Q. I'm wondering when you look back on this, what will nag at you more, what happened at 17 today or what happened at 7 yesterday? And I'm wondering what advice you'll have for the USGA if they come back here.

PHIL MICKELSON: Well, that's not my area to get involved in, how they set it up or what have you. There wasn't much I could do about 17 -- I'm sorry, about 7 yesterday, but I thought 17 I could have hit a little different bunker shot. I misjudged -- I had such a good lie on an upslope into the wind that I thought I needed to fly the ball closer to the hole to get it there, and I'm certainly look back on that shot because I had a good lie and could have done what I wanted as far as put spin on it, not put spin, and I just chose given the conditions to fly it a little too far, so I'll look back on the bunker shot.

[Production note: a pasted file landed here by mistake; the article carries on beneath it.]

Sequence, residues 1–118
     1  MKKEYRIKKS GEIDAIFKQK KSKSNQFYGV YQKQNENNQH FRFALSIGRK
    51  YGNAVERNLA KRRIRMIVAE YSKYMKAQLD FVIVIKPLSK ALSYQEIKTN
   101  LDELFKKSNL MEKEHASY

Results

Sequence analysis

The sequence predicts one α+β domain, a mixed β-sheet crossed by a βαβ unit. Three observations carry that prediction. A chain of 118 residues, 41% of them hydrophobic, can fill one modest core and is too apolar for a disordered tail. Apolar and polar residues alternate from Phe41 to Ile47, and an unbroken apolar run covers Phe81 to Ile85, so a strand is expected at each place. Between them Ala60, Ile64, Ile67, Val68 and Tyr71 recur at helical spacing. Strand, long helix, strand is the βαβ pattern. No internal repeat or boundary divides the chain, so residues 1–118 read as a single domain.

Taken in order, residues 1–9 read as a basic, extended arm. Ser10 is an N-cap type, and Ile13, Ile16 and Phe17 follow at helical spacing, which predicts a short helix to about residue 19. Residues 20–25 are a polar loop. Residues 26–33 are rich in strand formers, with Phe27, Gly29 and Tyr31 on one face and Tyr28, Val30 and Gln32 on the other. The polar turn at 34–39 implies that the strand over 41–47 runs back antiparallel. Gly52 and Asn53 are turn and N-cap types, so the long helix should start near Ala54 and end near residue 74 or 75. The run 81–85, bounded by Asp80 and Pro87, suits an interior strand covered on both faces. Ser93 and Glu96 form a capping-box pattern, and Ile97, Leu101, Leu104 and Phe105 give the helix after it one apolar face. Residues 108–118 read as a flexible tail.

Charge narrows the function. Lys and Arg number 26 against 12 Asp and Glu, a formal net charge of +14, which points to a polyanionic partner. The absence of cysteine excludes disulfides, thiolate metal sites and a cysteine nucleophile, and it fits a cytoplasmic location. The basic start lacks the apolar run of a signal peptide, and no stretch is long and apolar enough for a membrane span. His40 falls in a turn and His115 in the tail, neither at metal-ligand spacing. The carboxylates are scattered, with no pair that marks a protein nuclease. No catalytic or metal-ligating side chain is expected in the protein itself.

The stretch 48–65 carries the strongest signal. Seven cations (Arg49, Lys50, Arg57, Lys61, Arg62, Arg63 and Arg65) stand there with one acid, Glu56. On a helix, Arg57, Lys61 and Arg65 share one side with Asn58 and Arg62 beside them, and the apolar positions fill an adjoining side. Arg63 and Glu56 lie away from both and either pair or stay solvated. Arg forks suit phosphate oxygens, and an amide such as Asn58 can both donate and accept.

Now, when you approached the tee shot, that's the miss. Obviously I wanted to try to get on the green, but I had to keep it left of the hole, and if I went in the bunker, it was okay. If I went in the right bunker it was not okay. If I was too short of the green, it wasn't going to be okay, either, so I put it in the one spot I felt I could miss it, and I just didn't quite judge accurately how the ball would react on that green.

Q. I'm curious, on the par 5 early where you were putting from off the green, you pushed it about six or seven feet past the hole. It looked like you were aggressive on that putt, or did it just get away from you?